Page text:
Average weight dropped from 106 kg (233 lb) to 92 kg (202 lb).

Body mass index fell from 36.6 to 32.

Average fasting blood sugar fell from 119 mg/dl (6.6 mmol/l) to 92 mg/dl (5.1 mmol/l).

Triglycerides fell from 225 mg/dl to 110 mg/dl.

Average systolic blood pressure fell from 142 mmHg to 124.

Average diastolic blood pressure fell from 89 to 76.

So What?

A majority of people labeled with metabolic sydrome continue in metabolic sydrome for years.  That’s because they don’t do anything effective to counteract it.  These researchers show that it can be cured in 12 weeks, at least temporarily, with the Spanish Ketogenic Mediterranean Diet.

ResearchBlogging.orgVery-low-carb diets are especially good at lowering trigylcerides, lowering blood sugar, and raising HDL cholesterol.  Overweight dieters tend to lose more weight, and more quickly, than on other diets.  Very-low-carb diets, therefore, should be particularly effective as an approach to metabolic syndrome.  It’s quite possible that other very-low-carb diets, such as Atkins Induction Phase, would have performed just as well as the Spanish Ketogenic Mediterranean Diet.  In fact, most effective reduced-calorie weight-loss diets would tend to improve metabolic syndrome, even curing some cases, regardless of carb content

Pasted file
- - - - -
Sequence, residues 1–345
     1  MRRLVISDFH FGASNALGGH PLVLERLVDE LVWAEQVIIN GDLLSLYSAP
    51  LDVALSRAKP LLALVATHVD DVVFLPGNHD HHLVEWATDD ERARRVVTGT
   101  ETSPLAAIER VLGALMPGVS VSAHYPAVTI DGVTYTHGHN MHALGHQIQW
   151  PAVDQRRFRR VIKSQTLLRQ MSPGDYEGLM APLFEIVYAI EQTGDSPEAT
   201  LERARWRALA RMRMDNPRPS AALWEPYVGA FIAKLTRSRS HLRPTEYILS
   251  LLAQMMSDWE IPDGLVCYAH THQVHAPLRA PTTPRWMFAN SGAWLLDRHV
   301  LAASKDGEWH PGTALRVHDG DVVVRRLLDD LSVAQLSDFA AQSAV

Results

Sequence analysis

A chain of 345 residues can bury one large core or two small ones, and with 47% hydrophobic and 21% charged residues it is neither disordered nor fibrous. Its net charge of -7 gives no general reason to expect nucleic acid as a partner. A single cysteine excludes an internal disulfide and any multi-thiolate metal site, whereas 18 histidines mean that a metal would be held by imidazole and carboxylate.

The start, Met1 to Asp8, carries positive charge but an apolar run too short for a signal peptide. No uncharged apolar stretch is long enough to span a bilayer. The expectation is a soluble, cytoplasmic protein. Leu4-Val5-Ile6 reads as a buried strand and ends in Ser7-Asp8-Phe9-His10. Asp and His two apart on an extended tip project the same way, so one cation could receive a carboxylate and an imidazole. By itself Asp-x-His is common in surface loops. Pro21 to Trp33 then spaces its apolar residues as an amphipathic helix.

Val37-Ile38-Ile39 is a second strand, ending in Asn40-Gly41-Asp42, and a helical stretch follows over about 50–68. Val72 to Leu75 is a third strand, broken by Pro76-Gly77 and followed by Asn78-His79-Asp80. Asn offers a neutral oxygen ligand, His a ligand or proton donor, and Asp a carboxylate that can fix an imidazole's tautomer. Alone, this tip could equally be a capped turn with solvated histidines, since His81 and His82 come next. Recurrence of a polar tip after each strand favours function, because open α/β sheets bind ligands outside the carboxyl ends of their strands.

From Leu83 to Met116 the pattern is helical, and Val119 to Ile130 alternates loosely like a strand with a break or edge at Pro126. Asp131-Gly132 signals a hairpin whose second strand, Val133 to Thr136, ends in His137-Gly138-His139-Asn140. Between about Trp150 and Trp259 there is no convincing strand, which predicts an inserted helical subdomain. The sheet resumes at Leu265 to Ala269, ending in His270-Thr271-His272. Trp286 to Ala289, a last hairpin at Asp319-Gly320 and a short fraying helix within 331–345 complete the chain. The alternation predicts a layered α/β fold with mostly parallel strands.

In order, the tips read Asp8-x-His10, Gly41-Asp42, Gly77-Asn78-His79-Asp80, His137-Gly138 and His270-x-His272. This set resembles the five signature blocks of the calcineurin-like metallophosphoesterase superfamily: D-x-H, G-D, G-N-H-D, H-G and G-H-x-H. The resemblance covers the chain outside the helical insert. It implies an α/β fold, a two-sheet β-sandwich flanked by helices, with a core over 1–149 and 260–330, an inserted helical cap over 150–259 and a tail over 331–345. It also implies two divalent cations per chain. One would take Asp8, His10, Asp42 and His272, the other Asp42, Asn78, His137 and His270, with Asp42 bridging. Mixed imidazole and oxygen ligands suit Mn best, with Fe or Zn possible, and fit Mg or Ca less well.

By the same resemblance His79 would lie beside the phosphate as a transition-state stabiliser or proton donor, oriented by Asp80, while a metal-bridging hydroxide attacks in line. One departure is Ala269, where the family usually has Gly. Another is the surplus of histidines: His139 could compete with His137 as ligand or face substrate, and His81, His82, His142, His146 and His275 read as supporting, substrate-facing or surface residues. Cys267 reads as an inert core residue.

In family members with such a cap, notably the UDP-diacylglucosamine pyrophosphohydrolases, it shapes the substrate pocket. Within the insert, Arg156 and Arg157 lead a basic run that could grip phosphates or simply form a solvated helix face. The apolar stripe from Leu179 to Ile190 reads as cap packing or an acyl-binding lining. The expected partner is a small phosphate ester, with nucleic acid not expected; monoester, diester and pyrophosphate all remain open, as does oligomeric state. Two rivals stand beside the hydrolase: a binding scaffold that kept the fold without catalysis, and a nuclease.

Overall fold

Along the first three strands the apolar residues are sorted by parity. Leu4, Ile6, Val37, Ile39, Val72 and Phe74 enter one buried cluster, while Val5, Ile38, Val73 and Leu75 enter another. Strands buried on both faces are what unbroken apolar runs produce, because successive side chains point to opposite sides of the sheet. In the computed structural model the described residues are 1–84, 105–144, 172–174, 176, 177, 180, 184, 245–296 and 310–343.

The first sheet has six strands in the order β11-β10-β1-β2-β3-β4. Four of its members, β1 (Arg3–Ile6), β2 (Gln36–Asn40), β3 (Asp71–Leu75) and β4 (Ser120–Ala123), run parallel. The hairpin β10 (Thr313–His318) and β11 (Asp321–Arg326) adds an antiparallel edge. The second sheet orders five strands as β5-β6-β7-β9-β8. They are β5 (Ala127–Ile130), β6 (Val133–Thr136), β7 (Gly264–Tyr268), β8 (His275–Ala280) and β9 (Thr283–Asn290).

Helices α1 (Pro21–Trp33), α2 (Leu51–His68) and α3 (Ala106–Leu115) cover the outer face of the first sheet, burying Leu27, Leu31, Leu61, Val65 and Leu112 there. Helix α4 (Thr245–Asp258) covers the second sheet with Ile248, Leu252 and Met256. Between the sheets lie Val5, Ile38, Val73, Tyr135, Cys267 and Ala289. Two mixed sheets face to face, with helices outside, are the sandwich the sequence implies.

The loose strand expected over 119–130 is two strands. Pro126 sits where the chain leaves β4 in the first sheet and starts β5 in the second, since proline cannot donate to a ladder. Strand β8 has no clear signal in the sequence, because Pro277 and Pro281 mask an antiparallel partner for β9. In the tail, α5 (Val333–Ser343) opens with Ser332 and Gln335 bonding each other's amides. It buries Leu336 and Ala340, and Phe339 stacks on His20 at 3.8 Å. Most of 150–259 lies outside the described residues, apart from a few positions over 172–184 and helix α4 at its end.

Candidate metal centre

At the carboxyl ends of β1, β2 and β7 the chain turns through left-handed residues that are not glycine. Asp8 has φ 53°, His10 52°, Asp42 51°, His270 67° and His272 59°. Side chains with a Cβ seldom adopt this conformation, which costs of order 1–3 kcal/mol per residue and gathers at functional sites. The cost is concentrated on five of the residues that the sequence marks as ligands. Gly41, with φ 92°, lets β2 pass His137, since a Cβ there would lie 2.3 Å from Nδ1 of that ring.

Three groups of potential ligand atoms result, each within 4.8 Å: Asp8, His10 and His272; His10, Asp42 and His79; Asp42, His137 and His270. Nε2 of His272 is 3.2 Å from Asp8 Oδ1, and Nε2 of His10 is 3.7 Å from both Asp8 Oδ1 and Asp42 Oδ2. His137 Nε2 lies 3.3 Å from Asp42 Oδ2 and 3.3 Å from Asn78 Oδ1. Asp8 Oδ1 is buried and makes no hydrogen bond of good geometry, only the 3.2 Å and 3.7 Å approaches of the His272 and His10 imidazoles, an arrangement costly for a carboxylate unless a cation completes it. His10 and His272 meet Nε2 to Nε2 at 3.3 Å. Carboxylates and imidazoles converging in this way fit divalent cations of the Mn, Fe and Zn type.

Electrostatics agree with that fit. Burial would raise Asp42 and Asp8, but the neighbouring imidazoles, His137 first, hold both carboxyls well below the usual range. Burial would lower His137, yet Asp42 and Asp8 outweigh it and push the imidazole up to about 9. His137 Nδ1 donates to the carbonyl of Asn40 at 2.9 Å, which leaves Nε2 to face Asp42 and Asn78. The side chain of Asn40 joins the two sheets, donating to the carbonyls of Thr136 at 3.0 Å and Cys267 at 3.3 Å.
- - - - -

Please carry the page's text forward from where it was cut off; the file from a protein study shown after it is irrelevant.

Most physicians recommend that people with metabolic syndrome either start or intensify an exercise program.  The program at hand worked without exercise.  I recommend regular exercise for postponing death and other reasons.

Will the dieters of this study still be cured of metabolic syndrome a year later?  Unlikely.  Most will go back to their old ways of eating, regaining the weight, and moving their blood sugars, triglycerides, and HDL cholesterols in the wrong direction.

Steve Parker, M.D.

Reference: Pérez-Guisado J, & Muñoz-Serrano A (2011). A Pilot Study of the Spanish Ketogenic Mediterranean Diet: An Effective Therapy for the Metabolic Syndrome. Journal of medicinal food PMID: 21612461

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Filed under ketogenic diet, Mediterranean Diet, Overweight and Obesity

Book Review: The Dukan Diet

With a suspicion that the Dukan Diet may be the next diet fad in the U.S., I read The Dukan Diet: 2 Steps to Lose the Weight, 2 Steps to Keep It Off Forever by Pierre Dukan (2011, first American edition).  On Amazon.com’s rating system, I give it two stars.

♦   ♦   ♦

Think of Dukan as a Low-Fat Atkins Diet.